Also in 1933, President Franklin D. Roosevelt, through Executive Order 6260, authorized the US Treasury to purchase gold at the highest traded world price allowing gold mining companies to increase their earnings by almost 50%. The purpose of this was to incentivize domestic producers to increase their output to shore up the US government’s large outflow of gold that took place from 1929 to 1933.

Factors that were in the control of the management of Homestake Mining were many and especially effective in getting the stock price to increase in value. The cornerstone of Homestake’s success was their dividend policy. 53 years of continuous dividend payments helped Homestake grow to become the default choice for gold stock investments. The only year that Homestake didn’t pay a dividend was in 1920 which was a reflection of the state of the market for that year.

During times of crisis or when it was felt that the monetary situation was weakening, the management of Homestake Mining would increase the dividend or they would pay an extra dividend. This kind of proactive behavior boosted demand for the stock from institutions and the public even when the dividend exceeded the actual earnings. As an example, after Great Britain abandoned the gold standard, Homestake increased the dividend from $6 to $7.80 in 1931.

On other occasions, Homestake would routinely declare an extra dividend of $1. This dividend would typically come each September, which was in addition to the previously declared payments. While not guaranteed, the $1 extra dividend was paid almost every year and sometimes two or three times within a single year.

Inevitably the payments of dividends would only go so far. Without a profitable business, Homestake would be broke. To resolve this issue, Homestake Mining management was aggressive at increasing efficiencies. In the span of a five-year period, Homestake management was able to nearly double the gold recovery from $3.77 in 1925 to $6.17 in 1930.

The final piece that was essential to the incredible increase of Homestake Mining was the fact that the stock was thinly traded. This critical element, along with the others mentioned before, ensured that a gold mine in the Dakota territory, initially started by George Hearst (father of William Randolph Hearst), Lloyd Tevis and J.B. Haggin, would increase from $9 in 1891 to well over $5000 (unadjusted) by 1987.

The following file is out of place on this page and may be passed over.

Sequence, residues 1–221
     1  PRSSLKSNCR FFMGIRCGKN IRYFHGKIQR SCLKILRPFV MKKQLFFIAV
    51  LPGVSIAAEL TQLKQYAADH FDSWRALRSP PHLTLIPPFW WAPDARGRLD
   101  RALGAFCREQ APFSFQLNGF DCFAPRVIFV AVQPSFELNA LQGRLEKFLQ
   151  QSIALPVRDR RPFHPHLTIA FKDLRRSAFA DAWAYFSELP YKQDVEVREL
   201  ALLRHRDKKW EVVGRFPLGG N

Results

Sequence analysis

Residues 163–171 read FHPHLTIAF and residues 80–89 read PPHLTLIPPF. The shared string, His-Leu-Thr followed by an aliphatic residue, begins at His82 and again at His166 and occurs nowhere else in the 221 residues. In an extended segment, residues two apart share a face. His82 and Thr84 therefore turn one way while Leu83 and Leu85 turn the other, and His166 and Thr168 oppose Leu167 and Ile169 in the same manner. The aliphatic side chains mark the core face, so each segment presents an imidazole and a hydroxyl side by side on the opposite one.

Homestake Stock Splits:
  • 8 for 1 1937

  • 2 for 1 1968

  • 2 for 1 1974

  • 3 for 2 1980

  • 2 for 1 1983

  • 2 for 1 1987

The lessons of Homestake Mining may simply be a matter of circumstance, unfair labor practices, below market wages and the acquisition of land in the most unscrupulous fashion. However, some lessons about how Homestake management operated are likely to prove useful to the understanding the reasons why Homestake’s stock price continued to go up in value when others didn’t, but should have.

Source Citations:

  • “Abreast of the Market.” Wall Street Journal. December 16, 1931. page 8.
  • “Abreast of the Market.” Wall Street Journal. May 6, 1932. page 8.
  • Rice, Claude T. “Premium Paid for Homestake.” Wall Street Journal. May 4, 1933. page 10.
  • “Gold Ruling Adds to Miners’ Income.” Wall Street Journal. August 30, 1933. page 1.
  • Poor’s High and Low Prices 1920-1930. Poor’s Publishing Company. 1931.
  • Poor’s High and Low Prices 1924-1933. Poor’s Publishing Company. 1934.
  • Poor’s High and Low Prices 1932-1940. Poor’s Publishing Company. 1941.

Disclosure: Author long gold bullion and junk silver

Disclosure: Disclosure: holder of gold bullion and junk silver

Source: The Lessons of Homestake Mining in Gold Bull and Bear Markets